The swimming season officially begins on June 1. Although the water quality in Estonia is usually very good, it is not advised to swim at Pärnu Raeküla beach.
Lauri Liepkalns, chief specialist at the Health Board's environmental health department, told "Terevision" that looking at current air and water temperatures, people are not rushing to the beach; however, if people want to swim, they can do so without hesitation, as the bathing water right now is of high quality.
The health authority conducts water quality assessments prior to each season. Liepkalns said that practically all swimming locations have good water quality. "There was a minor issue in Põlva, but a repeat sample was taken and the result has yet to be returned," he said.
According to Liepkalns, water analysis is similar to photography in that it depicts the status of the environment at the moment the sample was taken. A water analysis can be influenced by rain or a severe storm that has caused sediment to shift along the bottom of a body of water; so much is dependent on timing when the samples are collected.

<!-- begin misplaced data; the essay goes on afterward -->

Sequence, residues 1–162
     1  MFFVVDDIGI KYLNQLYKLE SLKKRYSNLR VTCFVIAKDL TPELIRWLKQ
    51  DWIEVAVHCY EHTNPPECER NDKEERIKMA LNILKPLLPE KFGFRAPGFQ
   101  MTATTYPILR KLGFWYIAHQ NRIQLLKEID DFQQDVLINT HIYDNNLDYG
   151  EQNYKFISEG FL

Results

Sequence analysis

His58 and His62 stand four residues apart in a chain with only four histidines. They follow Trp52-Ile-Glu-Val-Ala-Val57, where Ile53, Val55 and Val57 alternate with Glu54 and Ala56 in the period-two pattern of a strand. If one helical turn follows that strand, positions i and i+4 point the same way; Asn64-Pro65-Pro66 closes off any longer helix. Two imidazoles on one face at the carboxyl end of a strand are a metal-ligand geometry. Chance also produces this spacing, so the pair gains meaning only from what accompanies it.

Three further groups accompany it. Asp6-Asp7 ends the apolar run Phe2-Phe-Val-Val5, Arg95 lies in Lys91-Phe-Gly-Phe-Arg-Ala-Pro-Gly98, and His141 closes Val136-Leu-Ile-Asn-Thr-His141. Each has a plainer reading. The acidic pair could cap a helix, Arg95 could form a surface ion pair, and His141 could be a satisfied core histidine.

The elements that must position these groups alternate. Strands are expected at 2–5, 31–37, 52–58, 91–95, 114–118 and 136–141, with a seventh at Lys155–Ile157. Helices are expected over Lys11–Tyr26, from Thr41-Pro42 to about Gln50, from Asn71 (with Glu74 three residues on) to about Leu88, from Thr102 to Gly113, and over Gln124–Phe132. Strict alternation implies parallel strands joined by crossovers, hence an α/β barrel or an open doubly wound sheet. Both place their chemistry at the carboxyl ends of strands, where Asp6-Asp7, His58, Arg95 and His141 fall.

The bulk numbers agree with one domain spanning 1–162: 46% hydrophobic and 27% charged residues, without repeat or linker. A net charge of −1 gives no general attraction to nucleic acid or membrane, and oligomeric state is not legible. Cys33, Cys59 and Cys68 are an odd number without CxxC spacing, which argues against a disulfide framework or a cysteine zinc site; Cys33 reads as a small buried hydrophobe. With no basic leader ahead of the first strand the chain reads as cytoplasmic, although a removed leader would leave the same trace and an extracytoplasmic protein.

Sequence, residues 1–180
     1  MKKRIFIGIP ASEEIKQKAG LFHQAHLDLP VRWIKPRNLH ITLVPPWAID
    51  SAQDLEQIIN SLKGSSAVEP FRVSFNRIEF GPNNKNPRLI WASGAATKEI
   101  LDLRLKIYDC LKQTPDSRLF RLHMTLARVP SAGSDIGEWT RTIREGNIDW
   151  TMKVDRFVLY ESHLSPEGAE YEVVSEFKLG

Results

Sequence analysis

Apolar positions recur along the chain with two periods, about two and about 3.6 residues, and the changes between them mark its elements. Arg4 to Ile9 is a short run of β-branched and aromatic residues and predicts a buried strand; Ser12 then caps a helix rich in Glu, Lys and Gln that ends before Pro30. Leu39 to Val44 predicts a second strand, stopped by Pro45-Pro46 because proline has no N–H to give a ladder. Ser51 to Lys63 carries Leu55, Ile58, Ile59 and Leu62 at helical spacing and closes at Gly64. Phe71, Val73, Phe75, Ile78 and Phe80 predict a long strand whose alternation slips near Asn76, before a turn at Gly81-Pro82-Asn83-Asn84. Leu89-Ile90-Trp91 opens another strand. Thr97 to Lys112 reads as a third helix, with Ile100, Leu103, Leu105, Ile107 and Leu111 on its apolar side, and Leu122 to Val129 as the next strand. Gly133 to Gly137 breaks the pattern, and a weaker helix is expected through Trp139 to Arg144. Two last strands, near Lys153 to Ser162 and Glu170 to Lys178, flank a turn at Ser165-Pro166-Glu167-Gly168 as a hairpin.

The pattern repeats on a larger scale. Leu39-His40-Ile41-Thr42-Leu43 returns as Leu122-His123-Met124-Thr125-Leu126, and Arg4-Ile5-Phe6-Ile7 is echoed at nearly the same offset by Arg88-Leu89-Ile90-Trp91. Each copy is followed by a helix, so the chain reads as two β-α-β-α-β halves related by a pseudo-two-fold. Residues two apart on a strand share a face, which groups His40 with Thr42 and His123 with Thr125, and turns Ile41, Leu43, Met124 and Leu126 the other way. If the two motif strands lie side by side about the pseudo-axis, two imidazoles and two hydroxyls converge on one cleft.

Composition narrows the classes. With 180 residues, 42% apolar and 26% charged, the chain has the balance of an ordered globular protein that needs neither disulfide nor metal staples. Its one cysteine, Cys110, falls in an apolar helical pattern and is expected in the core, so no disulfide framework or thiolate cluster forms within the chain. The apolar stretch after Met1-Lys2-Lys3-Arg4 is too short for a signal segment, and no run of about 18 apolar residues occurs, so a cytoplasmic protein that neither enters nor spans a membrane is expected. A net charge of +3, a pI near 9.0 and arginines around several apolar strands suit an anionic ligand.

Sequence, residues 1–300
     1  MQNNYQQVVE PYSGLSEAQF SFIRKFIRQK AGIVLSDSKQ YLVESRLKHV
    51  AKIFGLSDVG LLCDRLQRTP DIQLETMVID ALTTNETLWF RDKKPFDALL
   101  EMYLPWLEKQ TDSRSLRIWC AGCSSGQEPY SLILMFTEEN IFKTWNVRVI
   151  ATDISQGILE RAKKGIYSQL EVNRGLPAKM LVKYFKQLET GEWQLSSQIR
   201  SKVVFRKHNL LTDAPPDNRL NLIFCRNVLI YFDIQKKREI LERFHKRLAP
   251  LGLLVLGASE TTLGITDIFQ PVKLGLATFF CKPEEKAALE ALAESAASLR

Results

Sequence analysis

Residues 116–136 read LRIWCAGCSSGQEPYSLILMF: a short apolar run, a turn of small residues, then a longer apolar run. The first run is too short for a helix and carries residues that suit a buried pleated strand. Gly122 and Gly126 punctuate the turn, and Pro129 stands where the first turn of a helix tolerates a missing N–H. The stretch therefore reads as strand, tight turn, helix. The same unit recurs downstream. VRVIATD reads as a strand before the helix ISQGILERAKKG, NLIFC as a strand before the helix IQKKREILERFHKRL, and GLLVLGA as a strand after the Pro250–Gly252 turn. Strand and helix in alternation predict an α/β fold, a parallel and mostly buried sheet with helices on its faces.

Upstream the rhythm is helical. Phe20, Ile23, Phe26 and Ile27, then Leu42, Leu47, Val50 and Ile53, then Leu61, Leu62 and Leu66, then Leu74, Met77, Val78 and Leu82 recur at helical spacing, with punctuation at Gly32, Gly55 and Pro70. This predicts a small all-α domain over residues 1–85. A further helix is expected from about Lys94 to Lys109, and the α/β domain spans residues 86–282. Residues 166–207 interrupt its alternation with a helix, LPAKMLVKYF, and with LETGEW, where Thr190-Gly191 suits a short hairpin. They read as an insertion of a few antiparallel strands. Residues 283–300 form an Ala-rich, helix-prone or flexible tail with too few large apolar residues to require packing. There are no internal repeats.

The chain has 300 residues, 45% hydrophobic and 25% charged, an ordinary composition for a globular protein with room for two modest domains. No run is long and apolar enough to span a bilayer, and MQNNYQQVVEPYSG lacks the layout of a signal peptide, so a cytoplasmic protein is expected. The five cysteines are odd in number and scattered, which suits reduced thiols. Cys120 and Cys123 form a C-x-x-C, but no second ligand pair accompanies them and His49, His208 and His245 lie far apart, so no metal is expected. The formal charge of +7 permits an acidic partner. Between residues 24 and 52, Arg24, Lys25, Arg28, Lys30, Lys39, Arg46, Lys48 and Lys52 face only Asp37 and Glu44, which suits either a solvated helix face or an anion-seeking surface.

The bigger worriers, Liepkalns said, are swimming places with long-term problems. For example, Stroomi beach in Tallinn. "There was a spill there but now it was cleared up, prior to the beginning of the season," he said.
Pärnu Raeküla beach is the only location where there is now a permanent caution against going into the water. "There have been problems with water quality there for several years in a row, and this ban is given to sites where the average water quality over four seasons is poor," he explained.
Liepkalns said that bathing property owners usually undertake their own water analyses as well. The health authority provides a preseason water sample to evaluate the cleanliness of the water and inspects the shoreline to ensure all is in order.
The majority of bathing sites, however, take their own samples or delegate the analyses during the season. A minimum of one test is taken each month and in larger bodies of water, testing happens even more frequently.
The Health Board also analyzes beaches that are not designated as swimming places, but where people still swim. "We are collecting samples with the hope that these beaches will become official swimming locations in the future," he said.
If a red flag is flying on the beach, Liepkalns recommends staying out of the water. "If a lifeguard is present, you can ask for a reason. It is also not worth the risk if there is a high wave or cold water, which could be one of the reasons a red flag is up," he explained.
Editor: Kristina Kersa